For the week ending August 30, 2014, the markets are again making all-time highs on good economic news. The markets in the U.S. have not yet responded much to the violence in Ukraine, which has been escalating with the Russian invasion. Below is a recap of the markets for each day of the week.
The markets rallied on Monday despite rising tensions in Ukraine. The S&P 500 ended the day with a new record high of 1,997. The leading economic news were new home sales (revised higher for last month offsetting the lower sales of this month) and the rising supply of new homes on the market. Price for new homes were down, which is a positive for future sales.
On Tuesday the markets continued to rally on far better than expected economic news. The leading economic news was the dramatic jump in durable goods orders (up 23 percent), which was skewed by Boeing; excluding Boeing, orders were flat. Other data included an increase in consumer confidence, and Case-Shiller HPI which showed a slowing in home-price appreciation. The S&P 500 ended the day at a record 2,000.
On Wednesday, geopolitical events (Ukraine and Iraq) increased demand for Treasuries with yields falling slightly. The markets remained flat, as did oil which ended just under $94 as oil inventories fell 2.1 million barrels (per the EIA petroleum status report).
The markets fell slightly on Thursday due to rising concerns in Ukraine which was mitigated by good economic data (a strong rise in pending home sales; a drop in jobless claims; upward revision of second-quarter GDP). The situation in Ukraine has worsen as a limited Russian invasion may be taking place. This raises the concern over the prospect of further action by the U.S. and Europe. The S&P 500 ended at just under 1,997.
On Friday, with no major developments in Ukraine, the markets ended fractionally higher on mixed economic news (personal income and outlays report showed a deceleration in personal income and a decline in personal spending; the Chicago PMI showed an extreme monthly expansion both in production and new orders; and consumer sentiment is up, reflecting the drop in unemployment claims).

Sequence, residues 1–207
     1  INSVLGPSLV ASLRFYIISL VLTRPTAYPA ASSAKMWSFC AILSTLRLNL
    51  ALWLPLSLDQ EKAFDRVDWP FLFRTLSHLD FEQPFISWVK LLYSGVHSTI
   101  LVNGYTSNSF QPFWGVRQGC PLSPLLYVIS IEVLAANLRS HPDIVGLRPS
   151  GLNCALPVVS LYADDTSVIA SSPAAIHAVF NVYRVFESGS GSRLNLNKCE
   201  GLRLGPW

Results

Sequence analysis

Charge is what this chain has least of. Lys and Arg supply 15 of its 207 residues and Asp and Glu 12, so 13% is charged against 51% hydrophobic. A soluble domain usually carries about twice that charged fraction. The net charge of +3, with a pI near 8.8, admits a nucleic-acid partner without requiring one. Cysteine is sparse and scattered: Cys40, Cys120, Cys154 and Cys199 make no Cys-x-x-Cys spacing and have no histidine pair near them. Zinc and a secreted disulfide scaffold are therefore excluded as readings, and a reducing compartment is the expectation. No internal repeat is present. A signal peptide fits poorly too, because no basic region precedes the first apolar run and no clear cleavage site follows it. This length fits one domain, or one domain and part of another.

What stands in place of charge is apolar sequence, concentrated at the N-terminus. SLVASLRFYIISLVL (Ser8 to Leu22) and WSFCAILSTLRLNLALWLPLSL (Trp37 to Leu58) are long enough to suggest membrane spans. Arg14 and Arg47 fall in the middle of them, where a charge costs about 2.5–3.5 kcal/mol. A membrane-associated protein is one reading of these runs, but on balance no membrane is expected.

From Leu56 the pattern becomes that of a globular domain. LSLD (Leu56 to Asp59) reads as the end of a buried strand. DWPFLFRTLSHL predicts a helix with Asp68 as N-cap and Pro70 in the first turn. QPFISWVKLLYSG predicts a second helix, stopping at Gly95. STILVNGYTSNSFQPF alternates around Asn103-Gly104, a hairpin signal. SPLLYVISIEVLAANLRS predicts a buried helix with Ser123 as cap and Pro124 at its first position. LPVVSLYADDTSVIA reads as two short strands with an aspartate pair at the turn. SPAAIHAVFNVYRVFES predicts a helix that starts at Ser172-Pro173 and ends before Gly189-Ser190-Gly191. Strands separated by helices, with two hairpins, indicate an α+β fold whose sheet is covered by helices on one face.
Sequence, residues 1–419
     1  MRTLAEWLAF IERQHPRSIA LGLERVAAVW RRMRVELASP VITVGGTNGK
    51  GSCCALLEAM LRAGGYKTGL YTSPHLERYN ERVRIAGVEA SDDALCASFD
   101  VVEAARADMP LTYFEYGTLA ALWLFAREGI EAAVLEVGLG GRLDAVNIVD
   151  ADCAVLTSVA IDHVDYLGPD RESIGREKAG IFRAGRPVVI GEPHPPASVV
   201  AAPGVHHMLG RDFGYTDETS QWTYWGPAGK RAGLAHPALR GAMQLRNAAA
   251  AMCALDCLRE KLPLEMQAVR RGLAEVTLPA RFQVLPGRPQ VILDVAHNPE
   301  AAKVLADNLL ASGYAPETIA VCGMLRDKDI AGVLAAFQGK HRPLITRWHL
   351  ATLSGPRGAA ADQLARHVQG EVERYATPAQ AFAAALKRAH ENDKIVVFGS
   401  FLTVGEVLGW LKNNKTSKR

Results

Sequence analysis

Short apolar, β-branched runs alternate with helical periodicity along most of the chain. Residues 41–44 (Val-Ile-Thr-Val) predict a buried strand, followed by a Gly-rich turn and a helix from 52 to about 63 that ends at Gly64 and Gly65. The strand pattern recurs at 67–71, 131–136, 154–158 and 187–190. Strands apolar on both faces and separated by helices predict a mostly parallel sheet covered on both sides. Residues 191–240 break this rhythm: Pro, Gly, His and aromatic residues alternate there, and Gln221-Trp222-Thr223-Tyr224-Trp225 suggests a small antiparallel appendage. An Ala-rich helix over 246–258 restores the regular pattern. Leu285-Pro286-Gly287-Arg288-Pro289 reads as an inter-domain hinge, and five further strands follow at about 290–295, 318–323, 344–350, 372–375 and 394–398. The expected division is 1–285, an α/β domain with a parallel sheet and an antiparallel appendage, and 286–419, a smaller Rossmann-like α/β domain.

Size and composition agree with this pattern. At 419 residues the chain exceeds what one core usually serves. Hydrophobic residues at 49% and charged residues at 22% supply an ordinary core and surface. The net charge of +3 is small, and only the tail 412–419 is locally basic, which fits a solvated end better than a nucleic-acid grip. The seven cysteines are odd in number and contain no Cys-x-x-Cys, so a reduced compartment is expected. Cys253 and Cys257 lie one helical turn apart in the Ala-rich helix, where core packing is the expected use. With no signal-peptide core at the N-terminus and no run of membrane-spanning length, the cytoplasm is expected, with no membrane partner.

Geopolitical concerns impacted European markets despite better than anticipated U.S. economic data. The Eurozone and Japan had bleak economic updates. In the Eurozone, consumer sentiment and business in general are sagging despite no inflation. Germany, the key economy in Europe, is showing signs of weakening (GDP contracted; consumer confidence is down) due largely to the sanctions against Russia.
Japan is struggling to overcome the negative impact of its sales tax increase imposed in April (at 8 percent from 5 percent). The Nikkei 225 declined -1.3 percent in August, and -5.3 percent for this year. Retail sales and industrial production both disappointed for the month of July; this news will give the Bank of Japan food for discussion before its policy announcement next Thursday.
The U.S. markets will be watching the situation in Ukraine for renewed sanctions. EU leaders are meeting in Belgium to discuss additional sanctions as Ukrainian forces face strong resistance from pro-Russian rebels. The Ukraine military has been forced to retreat from several cities as “thousands of foreign troops and hundreds of foreign tanks are now on the territory of Ukraine”, says Ukraine President Petro Poroshenko.